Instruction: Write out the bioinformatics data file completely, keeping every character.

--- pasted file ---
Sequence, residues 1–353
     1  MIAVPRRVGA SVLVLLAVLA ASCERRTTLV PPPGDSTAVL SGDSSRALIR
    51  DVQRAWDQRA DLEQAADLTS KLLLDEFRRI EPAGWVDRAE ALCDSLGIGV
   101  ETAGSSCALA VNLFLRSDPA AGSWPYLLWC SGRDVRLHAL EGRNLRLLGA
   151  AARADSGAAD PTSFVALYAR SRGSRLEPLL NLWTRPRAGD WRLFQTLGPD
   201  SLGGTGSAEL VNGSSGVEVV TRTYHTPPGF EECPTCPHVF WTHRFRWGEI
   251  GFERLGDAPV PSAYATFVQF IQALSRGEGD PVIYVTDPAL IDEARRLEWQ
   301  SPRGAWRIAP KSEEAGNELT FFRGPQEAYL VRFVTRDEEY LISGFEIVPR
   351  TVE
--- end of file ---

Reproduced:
Sequence, residues 1–353
     1  MIAVPRRVGA SVLVLLAVLA ASCERRTTLV PPPGDSTAVL SGDSSRALIR
    51  DVQRAWDQRA DLEQAADLTS KLLLDEFRRI EPAGWVDRAE ALCDSLGIGV
   101  ETAGSSCALA VNLFLRSDPA AGSWPYLLWC SGRDVRLHAL EGRNLRLLGA
   151  AARADSGAAD PTSFVALYAR SRGSRLEPLL NLWTRPRAGD WRLFQTLGPD
   201  SLGGTGSAEL VNGSSGVEVV TRTYHTPPGF EECPTCPHVF WTHRFRWGEI
   251  GFERLGDAPV PSAYATFVQF IQALSRGEGD PVIYVTDPAL IDEARRLEWQ
   301  SPRGAWRIAP KSEEAGNELT FFRGPQEAYL VRFVTRDEEY LISGFEIVPR
   351  TVE